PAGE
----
At around 6am, the night-shift staff at the SITE fire brigade station was alerted to a fire that had erupted in a cotton factory. The station incharge responded immediately and dispatched two fire tenders to the site.
The events that unfolded thereafter laid bare the plight of Karachi - a city of 22 million inhabitants who are at the mercy of an ill-resourced and inept emergency response system.
The two fire tenders finished the water within the next 15 to 20 minutes. Instead of being doused, the fire escalated as the firefighters helplessly looked on. The chief firefighter called for backup and the 10 fire tenders that arrived from the nearby stations all managed to finish their water within a few hours. No water browsers or snorkels could reach the spot and three hours on, the fire showed no signs of subsiding.
A water tanker and snorkel from the Karachi Port Trust (KPT) finally reached the site at around 10am. The KPT snorkel, which is also referred to as the ‘bacha’ snorkel did not work. The fire department’s snorkels were out of order and the drivers of the water browsers were not on duty. For the next 20 hours, the firefighters helplessly watched on as the fire gutted the factory. The fire department, that eats millions of rupees of taxpayers’ money each year, had failed the citizens yet again. The department was allocated Rs650 million in 2014 alone, which was supposed to be spent on salaries, fuel, maintenance and other operational costs.
The fire brigade department falls under the purview of the city administration. It is normally the first to respond to a distress call and must be ready to cater to the challenges of not only a burgeoning population but also the unplanned cityscape.
Sadly, this department has been the victim of sheer neglect and bureaucratic apathy. Add to this the illegal political appointments, corruption, out-of-order vehicles and unsuitable workplaces and you have yourself the recipe for disaster.
“The fire brigade does even not have a snorkel or water browsers to handle an emergency situation,” said Karachi Metropolitan Corporation’s (KMC) former senior director of municipal services, Ghulam Rasool. “In addition to the out-dated infrastructure, the department has taken lot of people who are not willing to do their jobs and are simply ghost employees,” he said. Rasool added that most of the experienced staff was set to retire in 2015 and those who would replace them were either untrained or rather unwilling to do their jobs. More than 30 fire fighters have lost their lives in the line of duty.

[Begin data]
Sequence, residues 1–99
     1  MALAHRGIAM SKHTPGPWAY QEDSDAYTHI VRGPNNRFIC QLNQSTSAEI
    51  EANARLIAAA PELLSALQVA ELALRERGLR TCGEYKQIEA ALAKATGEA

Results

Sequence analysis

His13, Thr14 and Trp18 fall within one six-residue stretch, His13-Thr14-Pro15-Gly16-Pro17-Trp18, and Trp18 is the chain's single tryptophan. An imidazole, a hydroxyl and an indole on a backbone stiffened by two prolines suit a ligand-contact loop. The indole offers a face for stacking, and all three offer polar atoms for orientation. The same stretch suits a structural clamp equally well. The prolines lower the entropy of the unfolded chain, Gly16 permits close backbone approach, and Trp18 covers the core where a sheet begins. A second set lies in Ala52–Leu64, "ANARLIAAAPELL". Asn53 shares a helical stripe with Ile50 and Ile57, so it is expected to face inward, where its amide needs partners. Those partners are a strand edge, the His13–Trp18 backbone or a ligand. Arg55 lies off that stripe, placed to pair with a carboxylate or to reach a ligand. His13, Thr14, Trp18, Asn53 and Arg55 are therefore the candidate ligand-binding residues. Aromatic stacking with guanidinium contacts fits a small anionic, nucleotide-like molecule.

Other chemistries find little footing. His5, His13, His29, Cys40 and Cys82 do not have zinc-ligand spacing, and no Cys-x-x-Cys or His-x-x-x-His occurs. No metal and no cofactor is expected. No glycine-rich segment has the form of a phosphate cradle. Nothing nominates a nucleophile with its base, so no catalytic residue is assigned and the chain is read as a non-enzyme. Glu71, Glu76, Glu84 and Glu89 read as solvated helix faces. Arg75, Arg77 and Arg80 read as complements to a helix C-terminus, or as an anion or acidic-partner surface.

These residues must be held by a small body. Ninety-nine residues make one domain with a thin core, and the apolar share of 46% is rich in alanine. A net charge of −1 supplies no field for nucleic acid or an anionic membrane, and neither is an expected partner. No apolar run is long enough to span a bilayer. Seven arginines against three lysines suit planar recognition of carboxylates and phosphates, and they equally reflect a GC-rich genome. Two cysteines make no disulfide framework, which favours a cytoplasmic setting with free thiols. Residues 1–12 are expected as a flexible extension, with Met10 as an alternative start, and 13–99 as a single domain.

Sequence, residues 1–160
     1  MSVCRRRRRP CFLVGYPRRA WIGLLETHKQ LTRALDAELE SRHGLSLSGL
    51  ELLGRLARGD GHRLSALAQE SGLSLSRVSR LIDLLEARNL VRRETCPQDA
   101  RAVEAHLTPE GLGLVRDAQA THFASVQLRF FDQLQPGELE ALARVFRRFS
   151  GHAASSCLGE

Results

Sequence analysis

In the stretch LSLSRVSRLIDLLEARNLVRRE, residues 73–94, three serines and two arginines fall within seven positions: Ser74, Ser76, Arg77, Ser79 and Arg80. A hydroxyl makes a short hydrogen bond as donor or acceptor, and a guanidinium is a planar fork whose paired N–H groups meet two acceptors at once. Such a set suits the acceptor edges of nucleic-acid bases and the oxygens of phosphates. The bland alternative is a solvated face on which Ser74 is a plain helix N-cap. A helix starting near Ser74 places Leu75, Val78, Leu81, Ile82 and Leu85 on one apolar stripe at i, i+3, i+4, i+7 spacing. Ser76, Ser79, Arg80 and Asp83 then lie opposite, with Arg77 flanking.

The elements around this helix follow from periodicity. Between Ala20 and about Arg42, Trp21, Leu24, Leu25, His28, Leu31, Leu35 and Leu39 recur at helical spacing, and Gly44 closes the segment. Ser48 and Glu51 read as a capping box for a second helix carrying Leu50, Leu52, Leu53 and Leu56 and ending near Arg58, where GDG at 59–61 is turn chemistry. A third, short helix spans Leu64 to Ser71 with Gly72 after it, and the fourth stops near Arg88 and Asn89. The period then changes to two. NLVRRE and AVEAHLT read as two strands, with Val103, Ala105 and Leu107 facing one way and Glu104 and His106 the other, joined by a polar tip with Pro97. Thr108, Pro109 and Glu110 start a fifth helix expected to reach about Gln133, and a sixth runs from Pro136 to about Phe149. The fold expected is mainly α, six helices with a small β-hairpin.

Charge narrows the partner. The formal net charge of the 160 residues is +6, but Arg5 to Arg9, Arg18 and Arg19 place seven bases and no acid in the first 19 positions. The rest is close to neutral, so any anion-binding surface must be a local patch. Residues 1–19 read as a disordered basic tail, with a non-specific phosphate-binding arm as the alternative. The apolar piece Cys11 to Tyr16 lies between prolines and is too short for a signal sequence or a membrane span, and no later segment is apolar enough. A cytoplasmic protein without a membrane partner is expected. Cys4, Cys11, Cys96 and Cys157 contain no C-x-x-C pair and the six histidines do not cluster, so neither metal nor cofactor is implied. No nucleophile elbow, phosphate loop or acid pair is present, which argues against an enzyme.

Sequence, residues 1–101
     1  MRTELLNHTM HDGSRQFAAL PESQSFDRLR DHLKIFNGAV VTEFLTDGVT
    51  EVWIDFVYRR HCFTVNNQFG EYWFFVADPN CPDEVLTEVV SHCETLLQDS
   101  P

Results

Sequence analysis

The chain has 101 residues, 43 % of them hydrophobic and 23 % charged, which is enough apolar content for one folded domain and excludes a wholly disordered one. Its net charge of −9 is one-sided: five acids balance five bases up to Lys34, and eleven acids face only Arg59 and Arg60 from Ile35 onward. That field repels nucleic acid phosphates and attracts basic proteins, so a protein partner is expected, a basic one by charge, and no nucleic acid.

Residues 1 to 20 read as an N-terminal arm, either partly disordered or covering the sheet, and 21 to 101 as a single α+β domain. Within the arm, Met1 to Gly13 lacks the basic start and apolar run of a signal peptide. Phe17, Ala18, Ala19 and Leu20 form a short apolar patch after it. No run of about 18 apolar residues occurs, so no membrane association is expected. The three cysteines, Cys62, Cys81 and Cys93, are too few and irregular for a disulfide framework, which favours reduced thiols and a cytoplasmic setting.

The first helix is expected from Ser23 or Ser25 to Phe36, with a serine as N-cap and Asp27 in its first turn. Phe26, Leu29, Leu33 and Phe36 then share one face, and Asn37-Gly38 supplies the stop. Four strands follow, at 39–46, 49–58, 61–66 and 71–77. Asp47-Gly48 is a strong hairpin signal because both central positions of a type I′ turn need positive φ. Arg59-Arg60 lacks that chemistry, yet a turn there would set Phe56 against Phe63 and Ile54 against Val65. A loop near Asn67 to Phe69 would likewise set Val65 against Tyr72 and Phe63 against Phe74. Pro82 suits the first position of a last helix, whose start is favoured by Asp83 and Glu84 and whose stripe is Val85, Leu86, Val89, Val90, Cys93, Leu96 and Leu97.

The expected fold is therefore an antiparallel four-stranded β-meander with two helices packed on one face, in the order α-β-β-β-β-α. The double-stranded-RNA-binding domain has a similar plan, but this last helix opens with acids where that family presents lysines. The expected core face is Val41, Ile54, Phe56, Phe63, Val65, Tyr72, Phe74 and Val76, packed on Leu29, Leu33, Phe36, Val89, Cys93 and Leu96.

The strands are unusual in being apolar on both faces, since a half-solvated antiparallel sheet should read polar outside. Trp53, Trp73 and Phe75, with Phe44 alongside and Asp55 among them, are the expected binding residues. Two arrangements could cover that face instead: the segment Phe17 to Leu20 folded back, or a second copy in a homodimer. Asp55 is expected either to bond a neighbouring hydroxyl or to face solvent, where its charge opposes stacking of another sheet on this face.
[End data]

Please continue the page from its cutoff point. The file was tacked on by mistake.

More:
Rasool revealed that two computerised snorkels were imported from Finland during the tenure of former city Nazim, Mustafa Kamal, but they have been out of order since the fire that broke out in the PNSC building in2007. The snorkels had been imported without spare parts and there are no engineers who can fix them in Pakistan. “It would take millions to repair these two snorkels,” said Rasool, adding that a third snorkel, which is manually operated, is also in a deplorable condition.
The water browsers, large tankers that can hold up to 3,000 gallons of water, are a slightly different story. The department has four water browsers, all of which are in sound working condition. Sadly, there is no one to drive them as the contracts of their former drivers have expired. Thus, the browsers have been rusting away in a corner.
Of the 22 registered fire stations in the city, 13 do not even fit the description of a fire station. Some are one-room offices with a parking area for the fire tender. Others are operated out of make-shift containers. Moreover, only around 45 of the 75 fire tenders are functional. The department employs 1,350 personnel which brings the ratio to 30 staff per operational vehicle.